Before we can get set to this task, we need to understand the link between property and capital on one hand, and how and when property becomes full-fledged capital that can be put to multiple uses in the economy, on the other. Property here means any asset an individual possesses – bank account, financial asset, or real estate. We will focus on real estate since self-employed entrepreneurs mostly use this asset for savings.

Also read: India’s crony capitalism claims another victim — the RBI

Savings create property. To understand this, let us consider a taxi driver in Cuffe Parade, Mumbai, who lives in a rented shanty, drives two shifts in a rented taxi, and puts away in bank whatever he saves in the hope of buying his own shanty, which, though illegal, are bought, sold and owned like any other property in the informal markets of the slums. These shanties even have “titles” in the form of electricity bills, with property rights well recognised and protected by custom and the slumlord. The slumlord even collects hafta or tax for such services. Sales and purchases are recorded with the slumlord and in time with utility services like power, although this can take years. In short, a whole system of governing property exists in the slums independent of formal laws. These assets are real. No formal law, short of a revolution, can force eviction in established slums.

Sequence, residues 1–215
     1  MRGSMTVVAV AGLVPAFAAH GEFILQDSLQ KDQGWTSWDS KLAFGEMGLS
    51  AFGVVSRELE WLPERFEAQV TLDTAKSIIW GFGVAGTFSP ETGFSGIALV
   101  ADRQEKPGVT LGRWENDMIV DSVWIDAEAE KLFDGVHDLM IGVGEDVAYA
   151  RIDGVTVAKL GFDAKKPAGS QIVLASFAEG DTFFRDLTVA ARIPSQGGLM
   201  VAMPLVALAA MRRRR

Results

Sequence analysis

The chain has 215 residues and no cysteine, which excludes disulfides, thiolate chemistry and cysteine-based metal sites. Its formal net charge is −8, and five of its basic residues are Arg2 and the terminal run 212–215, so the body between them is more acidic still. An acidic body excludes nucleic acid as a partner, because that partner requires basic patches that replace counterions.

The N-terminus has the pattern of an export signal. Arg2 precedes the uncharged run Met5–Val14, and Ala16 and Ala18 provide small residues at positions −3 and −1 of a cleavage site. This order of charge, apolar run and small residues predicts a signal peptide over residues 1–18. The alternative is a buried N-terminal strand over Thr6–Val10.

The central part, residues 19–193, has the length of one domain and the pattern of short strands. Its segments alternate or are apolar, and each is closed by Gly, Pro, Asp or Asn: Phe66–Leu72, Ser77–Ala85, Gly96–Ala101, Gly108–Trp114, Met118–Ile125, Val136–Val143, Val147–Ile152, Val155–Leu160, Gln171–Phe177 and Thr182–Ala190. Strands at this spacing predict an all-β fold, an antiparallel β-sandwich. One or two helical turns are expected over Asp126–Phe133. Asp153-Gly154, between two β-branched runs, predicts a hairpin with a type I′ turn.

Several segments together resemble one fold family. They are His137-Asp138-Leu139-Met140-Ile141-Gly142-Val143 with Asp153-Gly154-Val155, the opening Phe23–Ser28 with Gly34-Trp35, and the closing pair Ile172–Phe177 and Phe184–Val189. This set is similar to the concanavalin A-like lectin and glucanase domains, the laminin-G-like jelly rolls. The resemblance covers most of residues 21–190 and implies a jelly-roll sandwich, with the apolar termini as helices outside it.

What is the problem with holding such a property in a slum? As Hernando explains, these resources are held “in defective forms: houses built on land whose ownership rights are not adequately recorded, unincorporated businesses with undefined liability, industries located where financiers and investors cannot see them. Because the rights to these possessions are not adequately documented, these assets cannot readily be turned into capital, cannot be traded outside of narrow local circles where people know and trust each other, cannot be used as collateral for a loan, and cannot be used as a share against an investment.”

Applying Hernando’s model to our taxi driver’s case makes three points clear:

1. The taxi driver’s ownership of the shanty is not visible to anybody in the larger economy due to the absence of a formal title and its registration in his name. He owns the shanty, he has put years of savings in it, but he cannot use it outside of the local slum’s knowledge. The important point to note is that no asset can become property, and eventually a capital that is fungible with other capital stock in the economy, unless it is legally tied to an individual. That is the irreducible minimum in the process of converting property into capital.